Ask Yvette – How to find a Dutch will

One of our Twitter followers, Karen de Bruyne, asked on Twitter how to find the will of her great-grandfather-in-law Jacob Bruijn, who died in The Hague on 28 May 1927. Since there are several ways to go about it, I thought I would write a blog post about it. Most people in the Netherlands did not have wills, either because there was not much to inherit, or because they were happy with the default way their estate would be inherited. Since 1811, wills were recorded by notaries. Before … [Read more...]

Dutch term – Royement

A royement can have multiple meanings, all having to do with cancellation or ceasing to be valid. When referring to persons, it is a disbarment or revoking of membership. When referring to records, it means the record itself is cancelled, for example when a mortgage is paid. You may come across the term in contemporary summaries of notarial records. Royementen of mortgages were typically created and handed to the interested party, rather than also being copied into the notaries' minutes. The … [Read more...]

Quick tip – Wills in the third person

Some people are surprised that many Dutch wills are in the third person ("leaves HER house to HER brother and HER sister"). This is because the wills are drawn up by a notary or court clerk, and the "I" in the record is the notary. "Today appeared before me, notary so-and-so, Mrs. this-and-that who declared this to be HER last will." … [Read more...]

Dutch term – Transport

The Dutch word transport can simply mean transport, but in legal records it means the transfer of property. Deeds of sale are sometimes called transportakten [transport deeds] or are recorded in transportregisters [transport registers]. Transport deeds will mention the previous and new owners, any rights or encumbrances attached to the property (like tithes, right of way), and a description of its location. … [Read more...]

Quick tip – Check notaries in neighboring towns

If you are looking for notarial records, be sure to check in neighboring towns too. Unlike civil registrations or court records, there was no requirement to go to the notary in your own town. Sometimes, people lived in the countryside and the notary of a neighboring town was more convenient. Your ancestor could also appear in notarial records in another town if the seller or purchaser lived elsewhere and created the record there. When looking for notarial records of my ancestors Martinus … [Read more...]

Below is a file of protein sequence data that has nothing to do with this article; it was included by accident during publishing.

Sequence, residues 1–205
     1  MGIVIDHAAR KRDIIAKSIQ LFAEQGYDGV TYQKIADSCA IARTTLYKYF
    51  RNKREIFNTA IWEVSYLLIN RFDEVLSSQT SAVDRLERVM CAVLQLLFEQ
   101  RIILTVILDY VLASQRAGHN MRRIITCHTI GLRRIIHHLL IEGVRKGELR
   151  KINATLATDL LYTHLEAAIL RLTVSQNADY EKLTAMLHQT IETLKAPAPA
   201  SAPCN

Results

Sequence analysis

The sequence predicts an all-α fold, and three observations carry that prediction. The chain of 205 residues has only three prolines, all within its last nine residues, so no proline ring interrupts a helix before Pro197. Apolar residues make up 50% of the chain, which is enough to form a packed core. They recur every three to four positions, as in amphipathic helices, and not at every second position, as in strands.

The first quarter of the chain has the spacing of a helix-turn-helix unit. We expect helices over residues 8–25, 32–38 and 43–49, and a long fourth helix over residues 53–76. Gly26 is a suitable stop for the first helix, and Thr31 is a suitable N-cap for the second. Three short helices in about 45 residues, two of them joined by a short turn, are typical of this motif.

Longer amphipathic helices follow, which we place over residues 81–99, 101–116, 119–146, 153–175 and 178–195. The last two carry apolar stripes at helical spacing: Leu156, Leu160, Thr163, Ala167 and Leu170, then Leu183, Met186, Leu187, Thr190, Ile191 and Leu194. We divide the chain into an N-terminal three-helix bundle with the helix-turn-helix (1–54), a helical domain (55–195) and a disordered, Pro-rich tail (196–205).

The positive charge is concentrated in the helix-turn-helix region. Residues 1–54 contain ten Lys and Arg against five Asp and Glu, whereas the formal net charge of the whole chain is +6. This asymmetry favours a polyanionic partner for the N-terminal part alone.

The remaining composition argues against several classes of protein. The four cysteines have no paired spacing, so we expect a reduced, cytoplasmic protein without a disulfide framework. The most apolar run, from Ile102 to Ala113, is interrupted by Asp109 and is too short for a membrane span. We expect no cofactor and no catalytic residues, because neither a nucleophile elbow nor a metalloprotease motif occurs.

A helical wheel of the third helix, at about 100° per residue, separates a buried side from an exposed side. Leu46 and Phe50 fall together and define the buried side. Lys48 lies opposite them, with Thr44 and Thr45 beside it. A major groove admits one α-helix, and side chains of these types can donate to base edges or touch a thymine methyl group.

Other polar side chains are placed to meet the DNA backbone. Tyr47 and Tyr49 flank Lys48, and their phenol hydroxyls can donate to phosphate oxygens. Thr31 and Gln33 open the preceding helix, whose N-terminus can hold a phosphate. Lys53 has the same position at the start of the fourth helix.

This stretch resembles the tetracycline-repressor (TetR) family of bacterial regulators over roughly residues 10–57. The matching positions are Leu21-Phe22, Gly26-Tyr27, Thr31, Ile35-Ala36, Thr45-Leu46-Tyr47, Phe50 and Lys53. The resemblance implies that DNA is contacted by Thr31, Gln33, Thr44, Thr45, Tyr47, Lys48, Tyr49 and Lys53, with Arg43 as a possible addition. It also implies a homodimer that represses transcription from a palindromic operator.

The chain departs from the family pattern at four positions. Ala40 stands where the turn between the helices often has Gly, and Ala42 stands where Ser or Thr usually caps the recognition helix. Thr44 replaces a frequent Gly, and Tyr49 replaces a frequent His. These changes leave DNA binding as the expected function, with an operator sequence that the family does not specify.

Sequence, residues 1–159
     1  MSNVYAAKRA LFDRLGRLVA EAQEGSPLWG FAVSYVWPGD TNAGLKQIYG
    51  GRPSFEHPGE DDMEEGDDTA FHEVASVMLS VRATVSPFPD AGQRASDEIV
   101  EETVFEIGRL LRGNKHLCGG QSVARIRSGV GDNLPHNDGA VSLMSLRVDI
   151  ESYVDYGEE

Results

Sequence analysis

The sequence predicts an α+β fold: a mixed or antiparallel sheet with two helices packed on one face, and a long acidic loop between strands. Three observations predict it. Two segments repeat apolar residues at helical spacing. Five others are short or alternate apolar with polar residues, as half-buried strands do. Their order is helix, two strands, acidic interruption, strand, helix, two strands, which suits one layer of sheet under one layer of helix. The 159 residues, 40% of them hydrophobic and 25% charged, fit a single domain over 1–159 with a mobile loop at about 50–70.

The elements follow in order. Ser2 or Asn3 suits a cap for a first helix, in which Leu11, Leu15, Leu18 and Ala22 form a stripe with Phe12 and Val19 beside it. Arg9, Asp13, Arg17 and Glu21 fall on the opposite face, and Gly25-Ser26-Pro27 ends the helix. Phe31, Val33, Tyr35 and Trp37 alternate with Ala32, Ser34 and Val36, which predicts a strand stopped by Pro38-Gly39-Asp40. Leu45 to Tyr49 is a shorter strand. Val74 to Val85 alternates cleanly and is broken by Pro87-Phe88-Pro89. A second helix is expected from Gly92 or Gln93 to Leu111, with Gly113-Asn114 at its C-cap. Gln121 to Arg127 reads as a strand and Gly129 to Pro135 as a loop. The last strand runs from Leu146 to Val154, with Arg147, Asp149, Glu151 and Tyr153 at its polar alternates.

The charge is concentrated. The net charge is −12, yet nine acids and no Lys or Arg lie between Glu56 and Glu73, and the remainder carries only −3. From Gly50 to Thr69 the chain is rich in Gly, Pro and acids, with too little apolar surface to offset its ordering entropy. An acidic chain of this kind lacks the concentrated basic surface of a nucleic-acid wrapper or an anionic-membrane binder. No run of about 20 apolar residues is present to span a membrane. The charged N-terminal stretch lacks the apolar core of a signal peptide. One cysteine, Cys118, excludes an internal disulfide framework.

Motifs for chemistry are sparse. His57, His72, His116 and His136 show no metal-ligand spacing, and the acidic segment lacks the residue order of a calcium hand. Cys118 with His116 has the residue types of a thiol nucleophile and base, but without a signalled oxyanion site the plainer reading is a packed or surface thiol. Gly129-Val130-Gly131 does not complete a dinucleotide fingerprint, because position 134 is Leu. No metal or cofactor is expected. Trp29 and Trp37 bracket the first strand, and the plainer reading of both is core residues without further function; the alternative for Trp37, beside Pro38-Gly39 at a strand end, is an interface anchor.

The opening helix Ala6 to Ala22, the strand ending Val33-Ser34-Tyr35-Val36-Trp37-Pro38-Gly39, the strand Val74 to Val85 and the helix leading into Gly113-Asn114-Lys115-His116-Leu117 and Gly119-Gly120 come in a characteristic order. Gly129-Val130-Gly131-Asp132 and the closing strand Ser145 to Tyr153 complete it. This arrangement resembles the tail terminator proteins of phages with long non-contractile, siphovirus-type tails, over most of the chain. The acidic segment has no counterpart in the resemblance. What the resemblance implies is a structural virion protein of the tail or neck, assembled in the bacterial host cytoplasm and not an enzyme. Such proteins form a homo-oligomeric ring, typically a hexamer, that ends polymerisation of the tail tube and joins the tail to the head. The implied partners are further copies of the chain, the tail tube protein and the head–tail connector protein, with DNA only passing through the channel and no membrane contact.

Quick tip – Was there a prenuptial agreeement?

In some cases, couples made a prenuptial agreement when they married. Often, this was the case when at least one of the spouses had assets to protect, or when one of the spouses was richer than the other. The typical arrangement was that if one of them died without children, that person would receive a sum of money while the survivor kept the rest. The sum reflected each spouse's financial situation at the start of the marriage. Another reason to make a prenuptial agreement is if one or both of … [Read more...]

Dutch term – Veiling

A veiling is an auction. You can sometimes find announcements of auctions in the paper, for example if a family is about to emigrate and is auctioning off their household items they won't take with them. Such an auction would be called a boelgoed in Friesland. Sometimes, notarial or voluntary court records were created to record the conditions and results of the auction. These can give you great insights into the lives of your ancestor since it shows you what items they owned. Auctions … [Read more...]

Dutch term – Notaris

A notaris is a notary. In many parts of the Netherlands, notaries were the record creators for many aspects of our ancestors' lives, for example when they wanted to draw up a prenuptial agreement, a contract to sell property, a work contract, or a will. See the article about notarial records for more information. … [Read more...]

Quick Tip – Life events may create notarial records

Many notarial records are unindexed and can be time-consuming to go through. But notarial records were often created because of a life event that we can find in other sources.┬áIn a small town with just one or two notaries, it can pay off to browse the notarial records around that time. In towns without a notary, these types of records can be found in the series of voluntary court records. Examples of life events that may have created notarial records: Marriages: prenuptual agreements, … [Read more...]

Quick Tip – Dutch Ancestors Left Few Last Wills

Our Dutch ancestors rarely had a last will drawn up. Most were too poor to have any goods to leave behind. But even people who did own property often did not feel the need to have a last will, since they were happy with the default arrangement under the law. The wills that do exist can be found in notarial records (in areas and periods where notaries were available) or voluntary court records. … [Read more...]